August 20

It's all uphill to here – a Maple Leaf bike story



A cyclist churns up the hill on Fifth Avenue Northeast.

Here’s a different kind of bike story – not cars vs. bicycles, just bike vs. hill.

Amid all the furor over bikes on Northeast 125th Street, just north of us, was this, from a Seattle Times story:

Critics say the road (125th) is too congested — it’s a key route from Interstate 5 to Lake City Way — and the hill, with an 8.5 percent grade, is too steep for bicyclists.

“Nobody rides up that hill on a bicycle,” said resident Mauri Stach, who’s lived in the neighborhood for 44 years.

So we wondered, what with Maple Leaf boasting the third-highest hill in town, just what the grade might be between Green Lake and Maple Leaf?

Many of the local commute cyclists (who DON’T ride on Roosevelt Way Northeast) take Fifth Avenue Northeast up from the lake.

How steep is Fifth? The answer, from Brian Dougherty at the Seattle Department of Transportation, is a whopping 11 percent grade, at its steepest section.

Take that, Pinehurst!

(Wondering about Roosevelt? Dougherty says at its steepest, between Northeast 77 and Northeast 78th Streets, the grade is 5.8 percent.)

About the author 

Sara W

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  1. On your gradient for Roosevelt, did you look at the sections between 97th and 107th? Or just what a cyclist encounters leaving Greenlake area?

    And it’s easy for critics to make a blanket statement about whether a hill to is too steep for cyclists–they obviously hasn’t met many of the more serious cyclists in town. It may be too steep for many, but never for all. And they are already against sharing the road with cyclists, so consider their motivation for comments–just because they don’t want to ride their bike on the hill, doesn’t give them the right to try to prevent others from doing so.

    (Personally, I like taking 117th from LCW to 15th as I can break up the steepest grades on a couple side streets with minimal traffic).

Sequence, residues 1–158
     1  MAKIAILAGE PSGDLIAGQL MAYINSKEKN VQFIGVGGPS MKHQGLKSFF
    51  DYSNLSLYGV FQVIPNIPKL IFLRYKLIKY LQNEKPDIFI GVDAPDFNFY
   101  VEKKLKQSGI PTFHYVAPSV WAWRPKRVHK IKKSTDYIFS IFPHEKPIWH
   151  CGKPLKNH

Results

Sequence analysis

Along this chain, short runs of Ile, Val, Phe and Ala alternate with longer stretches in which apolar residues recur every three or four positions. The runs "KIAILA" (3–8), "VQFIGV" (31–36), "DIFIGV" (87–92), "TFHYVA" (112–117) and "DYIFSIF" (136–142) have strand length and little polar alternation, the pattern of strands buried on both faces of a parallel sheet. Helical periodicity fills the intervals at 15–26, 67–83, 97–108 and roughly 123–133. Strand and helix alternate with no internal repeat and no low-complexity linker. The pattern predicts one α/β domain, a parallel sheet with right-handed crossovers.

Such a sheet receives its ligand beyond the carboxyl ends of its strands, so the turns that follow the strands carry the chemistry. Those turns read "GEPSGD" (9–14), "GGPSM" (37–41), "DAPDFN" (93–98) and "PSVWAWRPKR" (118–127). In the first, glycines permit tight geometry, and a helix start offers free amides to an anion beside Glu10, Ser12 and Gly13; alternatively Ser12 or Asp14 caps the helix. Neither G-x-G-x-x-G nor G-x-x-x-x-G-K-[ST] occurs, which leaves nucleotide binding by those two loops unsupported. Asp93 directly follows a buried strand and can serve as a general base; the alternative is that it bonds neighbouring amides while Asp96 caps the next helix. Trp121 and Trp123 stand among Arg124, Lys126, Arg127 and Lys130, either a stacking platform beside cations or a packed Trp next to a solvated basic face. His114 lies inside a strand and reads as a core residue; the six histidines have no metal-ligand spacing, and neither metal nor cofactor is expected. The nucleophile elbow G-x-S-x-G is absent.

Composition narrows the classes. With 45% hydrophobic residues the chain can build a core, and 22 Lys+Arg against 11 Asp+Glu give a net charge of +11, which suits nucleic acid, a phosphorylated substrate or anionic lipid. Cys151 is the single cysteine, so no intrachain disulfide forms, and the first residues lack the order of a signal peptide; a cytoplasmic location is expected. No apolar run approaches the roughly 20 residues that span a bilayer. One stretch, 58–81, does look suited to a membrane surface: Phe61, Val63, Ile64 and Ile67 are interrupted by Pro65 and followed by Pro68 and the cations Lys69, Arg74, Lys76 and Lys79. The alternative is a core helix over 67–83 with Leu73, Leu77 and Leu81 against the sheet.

2. I ride 5th almost every day, as I work on Westlake, and like to cut down via Greenlake. It is a good leg strengthening climb.

    Most nice afternoons I see one or two other cyclists making the climb at the same time I do. I really appreciate the bike lane for the climb, but I wish it didn’t disappear once you get to 85th St (I believe).

  3. Sorry for the grammatical errors…multi-tasking.
    Anyway, the last sentence should read: “Do we seriously need to find reasons TO make alternative forms of transport more difficult?”

  4. I truly don’t understand the point of all of this. First, simply because the reporter from the Times highlighted “critics” point of views – including one person chose to highlight who believes no cyclists use a particular road – is a joke. I know “advocates” were included, but give me a break. Anyone, I mean, anyone who drives around the city ought to – quite regularly – see cyclist of all sorts (commuters, fitness-types, kids and families…and hipsters) riding up the steepest of climbs. If you or I live on a hill and ride, we ride up and down that hill. And comments about being concerned about the safety of cyclist having “ride alongside traffic” is laughable. It is what cyclist do and it is our right. The fact that many, many cyclists use the routes being discussed means it is either the straightest line home or it is an alternative to a more dangerous route. I think the primary issue at hand is one of residents being upset (justifiably or not…I don’t know the full history of this project) about how the city has either included or excluded them from the process. Do we seriously need to find reasons not to make alternative forms of transport more difficult?

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